‘Bluestone is a very distinctive feature of Melbourne’s streetscape, part of the daily fabric of life. There are kilometres of bluestone laneways in the city and suburbs; it’s in the foundations of many houses and buildings; it’s used for kerbs and gutters; and it’s the main material for a number of landmark buildings such as Pentridge Prison, the National Gallery of Victoria and St Patrick’s Cathedral.’ – Professor Stephanie Trigg, Australian Research Council Centre of Excellence for the History of Emotions
Bluestone (a.k.a. basalt) has been a prominent building material in Melbourne CBD and inner suburbs. It is part of the character of the city of Melbourne. Not only is it a beautiful feature, it was chosen because it is safe, environmentally sustainable as well as conserves the vintage heritage appearance.
8000 years ago, Aboriginal people from Western Victoria were using it to create eel traps and build bluestone houses.
Bluestone pavers have been a popular in Melbourne since the Gold Rush. This was due to the strength and because it is easy to work with.
Many of the earliest buildings in Melbourne such as the Melbourne Town Hall, St. Paul’s Cathedral and the paving on Collin’s Street are made from bluestone.
In preparation for the Melbourne Olympics in 1956, the council laid asphalt to freshen up the look of the city. However, by the 1970’s a lot of the asphalt was damaged and cracking. The council realised that the original bluestone was a tougher material, and since then have been trying to upgrade the the Melbourne CBD with bluestone tiles.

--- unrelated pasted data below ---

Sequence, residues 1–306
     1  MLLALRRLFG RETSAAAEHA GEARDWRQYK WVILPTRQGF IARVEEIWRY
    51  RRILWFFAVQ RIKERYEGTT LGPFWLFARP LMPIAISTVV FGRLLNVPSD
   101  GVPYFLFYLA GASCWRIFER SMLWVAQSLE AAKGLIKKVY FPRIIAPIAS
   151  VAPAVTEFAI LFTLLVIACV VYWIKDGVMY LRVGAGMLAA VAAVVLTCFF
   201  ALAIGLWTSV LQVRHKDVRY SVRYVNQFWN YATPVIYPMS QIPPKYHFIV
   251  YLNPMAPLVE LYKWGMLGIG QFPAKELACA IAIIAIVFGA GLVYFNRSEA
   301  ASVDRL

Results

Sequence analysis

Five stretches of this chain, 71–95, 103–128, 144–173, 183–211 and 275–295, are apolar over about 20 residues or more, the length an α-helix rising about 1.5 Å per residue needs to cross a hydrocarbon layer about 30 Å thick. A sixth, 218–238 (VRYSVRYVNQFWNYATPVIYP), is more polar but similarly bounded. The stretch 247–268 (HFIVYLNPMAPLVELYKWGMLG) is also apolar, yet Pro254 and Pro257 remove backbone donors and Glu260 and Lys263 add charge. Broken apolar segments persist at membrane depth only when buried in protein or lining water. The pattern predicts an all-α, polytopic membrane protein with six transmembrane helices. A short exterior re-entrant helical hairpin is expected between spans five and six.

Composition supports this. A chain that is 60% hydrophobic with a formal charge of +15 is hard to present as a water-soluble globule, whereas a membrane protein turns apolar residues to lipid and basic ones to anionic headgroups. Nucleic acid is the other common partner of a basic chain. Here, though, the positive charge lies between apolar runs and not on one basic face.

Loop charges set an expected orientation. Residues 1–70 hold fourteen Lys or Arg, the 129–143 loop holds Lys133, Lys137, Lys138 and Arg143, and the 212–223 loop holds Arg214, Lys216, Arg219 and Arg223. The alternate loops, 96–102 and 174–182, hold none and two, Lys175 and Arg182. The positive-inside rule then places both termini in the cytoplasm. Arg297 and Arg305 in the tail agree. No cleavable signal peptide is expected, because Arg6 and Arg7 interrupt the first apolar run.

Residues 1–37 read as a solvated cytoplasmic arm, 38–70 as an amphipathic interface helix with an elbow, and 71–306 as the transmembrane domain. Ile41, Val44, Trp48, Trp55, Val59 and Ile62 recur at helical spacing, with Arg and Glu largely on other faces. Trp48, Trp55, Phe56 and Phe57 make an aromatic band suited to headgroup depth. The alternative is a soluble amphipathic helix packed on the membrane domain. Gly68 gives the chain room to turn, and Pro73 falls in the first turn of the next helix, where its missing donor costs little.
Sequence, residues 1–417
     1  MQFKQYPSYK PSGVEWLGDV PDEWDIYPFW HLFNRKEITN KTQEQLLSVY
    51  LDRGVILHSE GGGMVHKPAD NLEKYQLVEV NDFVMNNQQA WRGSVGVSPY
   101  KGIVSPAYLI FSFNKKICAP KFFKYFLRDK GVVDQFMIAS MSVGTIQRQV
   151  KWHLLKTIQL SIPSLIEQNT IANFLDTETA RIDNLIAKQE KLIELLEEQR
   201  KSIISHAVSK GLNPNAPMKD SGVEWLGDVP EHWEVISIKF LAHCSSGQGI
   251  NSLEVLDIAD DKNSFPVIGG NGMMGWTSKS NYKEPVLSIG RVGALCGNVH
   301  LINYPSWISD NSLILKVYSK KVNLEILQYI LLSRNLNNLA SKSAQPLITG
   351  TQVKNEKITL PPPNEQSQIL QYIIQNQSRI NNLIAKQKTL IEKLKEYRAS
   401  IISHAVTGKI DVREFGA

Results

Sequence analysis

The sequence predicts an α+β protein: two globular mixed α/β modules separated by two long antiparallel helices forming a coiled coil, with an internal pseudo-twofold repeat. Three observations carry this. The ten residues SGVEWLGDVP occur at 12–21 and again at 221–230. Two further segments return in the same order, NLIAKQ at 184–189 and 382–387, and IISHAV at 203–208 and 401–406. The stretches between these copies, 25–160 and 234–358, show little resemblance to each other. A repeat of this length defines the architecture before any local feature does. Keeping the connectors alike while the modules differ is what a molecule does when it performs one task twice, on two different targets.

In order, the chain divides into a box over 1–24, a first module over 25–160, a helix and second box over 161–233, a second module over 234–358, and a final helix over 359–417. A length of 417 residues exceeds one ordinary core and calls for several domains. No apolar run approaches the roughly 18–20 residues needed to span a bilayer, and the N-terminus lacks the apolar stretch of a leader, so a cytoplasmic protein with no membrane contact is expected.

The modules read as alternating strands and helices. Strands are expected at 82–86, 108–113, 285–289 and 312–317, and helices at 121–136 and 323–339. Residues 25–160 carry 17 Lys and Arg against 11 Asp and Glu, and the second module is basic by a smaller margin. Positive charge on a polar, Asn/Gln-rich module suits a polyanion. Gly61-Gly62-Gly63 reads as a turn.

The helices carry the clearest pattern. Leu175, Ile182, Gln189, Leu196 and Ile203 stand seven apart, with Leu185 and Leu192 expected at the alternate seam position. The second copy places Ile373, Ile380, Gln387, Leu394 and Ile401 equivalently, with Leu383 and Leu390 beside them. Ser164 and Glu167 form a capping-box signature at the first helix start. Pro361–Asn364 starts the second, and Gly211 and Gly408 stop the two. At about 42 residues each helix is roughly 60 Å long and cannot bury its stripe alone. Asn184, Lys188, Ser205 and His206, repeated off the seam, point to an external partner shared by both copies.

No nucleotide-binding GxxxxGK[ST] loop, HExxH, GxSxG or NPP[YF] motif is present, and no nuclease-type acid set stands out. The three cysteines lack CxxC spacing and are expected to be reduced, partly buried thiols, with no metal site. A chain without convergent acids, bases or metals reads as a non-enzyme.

Nowadays, if you walk in the Melbourne CBD, you’ll notice the bluestone paving and some original bluestone paving pitchers from the 1850s. Bluestone pavers are recognisable due to Cat’s Paw (air hole features naturally created from cooling lava) adorning the surface of the bluestone tiles.
The City of Melbourne is currently allocating funding to replace asphalt footpaths with bluestone pavers. The council is focussing on replacing the walkways with sawn bluestone paving around Southbank and Docklands.
Permeable bluestone in Melbourne
Standard bluestone pavers are sealed so water can’t pass through to the base of the pavers. This means that water stays on the top of the tile and washes away dirt.
Currently, the City of Melbourne is installing permeable bluestone. This allows for water to pass through the tiles and water nearby plants and trees and improves the surrounding soil.
Picture source: City of Melbourne (http://urbanwater.melbourne.vic.gov.au/projects/permeability-infiltration/permeable-bluestone-pavement/)
On your property, you too can have permeable bluestone tiles. This can be done with laying a layer of compacted crushed rock and then laying sand on top before laying the bluestone tiles on top.
Doing so, will allow for the rain water to drain underneath without settling on the top.
If you’re interested in permeable bluestone for your property, ask your landscaper. Alternatively, if you have any questions, feel free to ask us.
Enhance your property with the practicality and classic Melbourne heritage look with bluestone: